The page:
There were even more problems at the Iowa Finance Authority during former director Dave Jamison’s tenure than sexual harassment, claims a former staffer who has filed a discrimination complaint with the Iowa Civil Rights Commission. Gabrielle Riesterer, who worked as the assistant to the Iowa Title Guarantee director from December of 2015 to September of 2017, alleges she was targeted for her Hispanic heritage. She also detailed questionable financial decisions and lack of professionalism in the office to Starting Line, as well as a fear about crossing Jamison due to his connections.
“It was run like a good-old-boy system,” Riesterer told Starting Line recently. “All of the bosses were drinking buddies. They all would go out on Fridays or take off early and they would be gone. If it weren’t for 80% of the workers, it would have shut down years ago.”
Her public complaint with the Iowa Civil Rights Commission accuses Dave Jamison and her own direct boss of firing her with no explanation. She believes it was due to her being the only Hispanic person at IFA (you can view photos of about two-thirds of IFA’s staff on their website – they do all at least appear to be caucasian).
In the sexual harassment complaint document released by Governor Kim Reynolds’ office yesterday, the employee said that “Dave [Jamison] tells sexist and racist jokes and expects you to go along with them.”
In April or May of 2017, Riesterer said she was called into Jamison’s office and told she cannot eat in the lunch room with the other employees. She said she was given no reason for this, and that Jamison said there weren’t any complaints about her. Shortly after, Riesterer emailed Jamison and her boss to complain that it was an unreasonable request. She said she did not get a response from either person.
A few weeks later she approached Brian Crozier, IFA’s chief administrative officer. Riesterer recalled he agreed it was unreasonable and would contact DAS’ human resources contact for IFA. A few months later, Crozier allegedly told Riesterer that DAS replied by saying, “this wasn’t a battle they were willing to take on right now.” Crozier is named in the Jamison sexual harassment document as one of the two staffers that warned Jamison about his behavior. At the end of September, Riesterer was fired, again with no explanation.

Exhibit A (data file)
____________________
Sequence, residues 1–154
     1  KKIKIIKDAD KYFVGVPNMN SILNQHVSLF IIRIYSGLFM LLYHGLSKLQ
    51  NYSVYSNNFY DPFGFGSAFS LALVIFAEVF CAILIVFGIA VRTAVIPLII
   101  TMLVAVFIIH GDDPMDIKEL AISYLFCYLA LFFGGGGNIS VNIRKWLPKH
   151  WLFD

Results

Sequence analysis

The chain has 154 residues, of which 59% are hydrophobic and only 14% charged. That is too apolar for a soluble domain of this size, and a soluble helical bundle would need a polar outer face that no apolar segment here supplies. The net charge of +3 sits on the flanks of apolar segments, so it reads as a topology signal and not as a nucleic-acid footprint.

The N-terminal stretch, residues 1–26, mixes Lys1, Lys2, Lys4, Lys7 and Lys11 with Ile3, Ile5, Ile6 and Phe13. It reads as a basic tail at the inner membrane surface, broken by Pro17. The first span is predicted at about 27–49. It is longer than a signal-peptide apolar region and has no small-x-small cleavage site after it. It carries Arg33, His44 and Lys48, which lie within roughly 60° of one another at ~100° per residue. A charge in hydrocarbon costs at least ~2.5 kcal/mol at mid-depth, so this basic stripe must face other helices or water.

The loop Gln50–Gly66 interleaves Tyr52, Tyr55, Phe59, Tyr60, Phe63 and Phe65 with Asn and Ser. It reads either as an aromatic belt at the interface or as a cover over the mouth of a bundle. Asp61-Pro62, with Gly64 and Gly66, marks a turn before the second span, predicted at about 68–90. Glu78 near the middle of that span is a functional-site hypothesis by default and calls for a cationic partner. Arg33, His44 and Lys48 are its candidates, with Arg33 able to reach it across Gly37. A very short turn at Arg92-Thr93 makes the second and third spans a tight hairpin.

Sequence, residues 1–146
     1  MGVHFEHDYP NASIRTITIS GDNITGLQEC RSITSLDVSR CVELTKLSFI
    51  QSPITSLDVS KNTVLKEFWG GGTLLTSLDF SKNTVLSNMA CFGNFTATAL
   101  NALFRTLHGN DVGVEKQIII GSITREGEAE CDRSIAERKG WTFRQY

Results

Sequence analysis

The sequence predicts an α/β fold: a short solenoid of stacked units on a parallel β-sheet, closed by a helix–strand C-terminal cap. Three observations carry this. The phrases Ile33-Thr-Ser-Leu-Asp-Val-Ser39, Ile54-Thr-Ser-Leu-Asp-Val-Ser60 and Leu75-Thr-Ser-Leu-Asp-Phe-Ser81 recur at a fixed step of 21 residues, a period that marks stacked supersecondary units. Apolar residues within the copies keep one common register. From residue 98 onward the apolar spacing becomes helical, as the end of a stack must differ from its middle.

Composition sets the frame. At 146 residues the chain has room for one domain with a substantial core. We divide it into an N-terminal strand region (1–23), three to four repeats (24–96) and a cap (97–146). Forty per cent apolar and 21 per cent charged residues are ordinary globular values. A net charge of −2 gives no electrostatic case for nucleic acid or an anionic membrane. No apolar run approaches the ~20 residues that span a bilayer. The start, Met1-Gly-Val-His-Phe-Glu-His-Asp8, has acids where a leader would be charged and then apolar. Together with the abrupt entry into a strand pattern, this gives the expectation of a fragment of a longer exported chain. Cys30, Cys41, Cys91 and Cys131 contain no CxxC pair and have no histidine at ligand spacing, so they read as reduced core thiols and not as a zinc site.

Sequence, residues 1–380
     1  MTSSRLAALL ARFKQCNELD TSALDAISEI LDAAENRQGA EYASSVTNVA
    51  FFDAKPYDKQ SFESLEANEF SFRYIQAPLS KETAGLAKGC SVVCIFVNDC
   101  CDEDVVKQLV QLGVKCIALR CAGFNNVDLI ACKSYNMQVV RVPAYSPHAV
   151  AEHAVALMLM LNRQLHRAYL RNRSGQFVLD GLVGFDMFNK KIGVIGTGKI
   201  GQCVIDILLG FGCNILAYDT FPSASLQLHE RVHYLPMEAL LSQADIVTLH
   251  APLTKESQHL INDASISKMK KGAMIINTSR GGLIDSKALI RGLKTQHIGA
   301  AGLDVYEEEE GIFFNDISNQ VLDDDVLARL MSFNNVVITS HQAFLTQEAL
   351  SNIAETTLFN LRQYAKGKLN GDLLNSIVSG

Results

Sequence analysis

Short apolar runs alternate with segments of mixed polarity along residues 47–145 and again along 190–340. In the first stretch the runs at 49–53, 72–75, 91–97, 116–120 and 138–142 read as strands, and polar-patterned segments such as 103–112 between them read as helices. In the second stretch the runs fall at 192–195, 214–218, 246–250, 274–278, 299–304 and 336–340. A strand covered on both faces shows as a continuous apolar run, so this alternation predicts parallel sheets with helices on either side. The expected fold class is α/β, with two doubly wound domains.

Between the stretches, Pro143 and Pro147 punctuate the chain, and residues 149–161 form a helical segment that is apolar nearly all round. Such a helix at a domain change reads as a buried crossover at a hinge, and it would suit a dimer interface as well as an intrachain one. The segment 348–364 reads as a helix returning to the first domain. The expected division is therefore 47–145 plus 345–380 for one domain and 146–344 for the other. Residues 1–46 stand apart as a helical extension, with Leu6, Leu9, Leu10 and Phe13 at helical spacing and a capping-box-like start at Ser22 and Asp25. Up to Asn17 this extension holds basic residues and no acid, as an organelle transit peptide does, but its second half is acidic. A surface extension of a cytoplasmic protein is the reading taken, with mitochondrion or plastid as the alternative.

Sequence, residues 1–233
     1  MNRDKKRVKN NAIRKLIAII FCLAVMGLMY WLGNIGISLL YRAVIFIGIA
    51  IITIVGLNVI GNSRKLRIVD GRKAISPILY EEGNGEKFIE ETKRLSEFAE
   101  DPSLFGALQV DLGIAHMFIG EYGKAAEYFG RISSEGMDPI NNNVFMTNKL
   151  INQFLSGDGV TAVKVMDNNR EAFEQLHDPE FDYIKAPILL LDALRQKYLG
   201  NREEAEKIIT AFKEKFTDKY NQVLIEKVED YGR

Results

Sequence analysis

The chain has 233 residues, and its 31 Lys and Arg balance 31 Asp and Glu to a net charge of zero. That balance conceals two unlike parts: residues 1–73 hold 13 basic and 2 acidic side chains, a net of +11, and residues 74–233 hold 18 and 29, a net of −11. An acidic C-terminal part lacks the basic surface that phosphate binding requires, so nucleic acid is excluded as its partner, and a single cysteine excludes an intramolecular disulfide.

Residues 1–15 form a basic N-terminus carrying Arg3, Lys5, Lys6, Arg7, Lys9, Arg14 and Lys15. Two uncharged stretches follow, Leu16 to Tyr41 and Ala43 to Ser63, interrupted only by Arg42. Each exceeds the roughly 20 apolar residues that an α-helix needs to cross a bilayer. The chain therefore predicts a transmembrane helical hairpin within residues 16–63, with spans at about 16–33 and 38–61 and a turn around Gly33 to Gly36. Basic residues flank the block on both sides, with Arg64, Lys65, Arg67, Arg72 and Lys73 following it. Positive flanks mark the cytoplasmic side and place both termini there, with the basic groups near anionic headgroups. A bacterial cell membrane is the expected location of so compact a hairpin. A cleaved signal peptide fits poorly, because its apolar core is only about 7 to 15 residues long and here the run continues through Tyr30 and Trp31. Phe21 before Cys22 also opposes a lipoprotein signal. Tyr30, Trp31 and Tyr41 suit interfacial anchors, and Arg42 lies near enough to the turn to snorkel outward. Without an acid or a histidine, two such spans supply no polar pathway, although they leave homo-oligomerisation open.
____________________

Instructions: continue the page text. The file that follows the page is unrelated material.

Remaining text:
“I had never once in my tenure there at IFA been informally or formally disciplined for any reason, all of my performance reviews were very positive in nature,” she wrote in her official complaint. “I have no other reason to believe that I was discriminated against for my race and age.”
Beyond her discrimination complaint, Riesterer confirmed several internal problems at IFA that have recently been reported on. The Des Moines Register reported on Thursday that IFA’s $17 million plan to relocate their offices to a new facility was seen as “wasteful.” A third-party review of IFA’s current building concluded that such a move was not necessary and that repairs to their current location would be minimal. However, those concerns were omitted from Jamison’s recommendation to the state for approval.
“They’re doing fine at the building that they’re in, but [Jamison] wanted something fancier,” Riesterer told Starting Line before the Register report surfaced. “He’s got designers coming in, asking all the staff what they want. It was a pretty big deal to get into this new office building.”
She also said there were concerns among IFA staff that they would attract criticism for the expensive move.
Riesterer additionally suggested that IFA directors were using credit cards paid for by the agency to get around stricter reimbursement rules with DAS. Starting Line reached out to DAS to see if this might have been an approved method of operating for IFA, but did not hear back.
Riesterer also questioned the professionalism of Jamison in the office.
“Dave was hardly in the office,” she explained. One of her co-workers apparently once discovered Jamison asleep in his car outside the building during the work day.
The sexual harassment complaint suggested this was a common occurrence as well.
“Dave is constantly pestering me and others to go out drinking with him,” the employee wrote in her letter to Reynolds. “His behavior is worse when he drinks. He wants me to attend events with him that do not pertain to my job. It seems like every time I try and discuss a work issue, he ignores it and talks about sex instead.”
The sexual harassment accusations were not a surprise to Riesterer, who explained that “Dave liked to surround himself with better-looking people.” She alleged that Jamison preferred to hire younger and less-experienced women, including for roles like the human resources position. “He wanted people who could be easily intimidated,” she said.
Before Jamison’s firing, most in the office were too afraid to challenge him on that or anything else.
“Nobody would go against Jamison, because they knew if they did, they would get fired,” Riesterer explained.
The sexual harassment complaint document mirrored some of these concerns.
“I think DAS will just cover for him and I’ll end up without a job,” the woman wrote.
Things apparently got worse once Reynolds became governor last May.
“Once Reynolds got into office, Jamison was barely ever in the office,” Riesterer said, adding that Jamison was only around about once or twice a week at that point. “There was more traveling, there was more him just being gone.”
Jamison was fired by Reynolds in March after IFA employees went to Reynolds’ chief of staff with a list of sexual harassment complaints.
by Pat Rynard